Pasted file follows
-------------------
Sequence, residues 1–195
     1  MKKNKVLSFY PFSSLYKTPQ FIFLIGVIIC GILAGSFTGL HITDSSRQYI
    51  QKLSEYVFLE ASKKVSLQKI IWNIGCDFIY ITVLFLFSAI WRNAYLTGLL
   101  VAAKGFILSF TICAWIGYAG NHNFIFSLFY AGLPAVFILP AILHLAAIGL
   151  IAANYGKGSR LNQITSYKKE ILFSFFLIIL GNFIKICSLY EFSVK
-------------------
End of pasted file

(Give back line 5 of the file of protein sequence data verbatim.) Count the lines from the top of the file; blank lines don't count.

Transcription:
   151  IAANYGKGSR LNQITSYKKE ILFSFFLIIL GNFIKICSLY EFSVK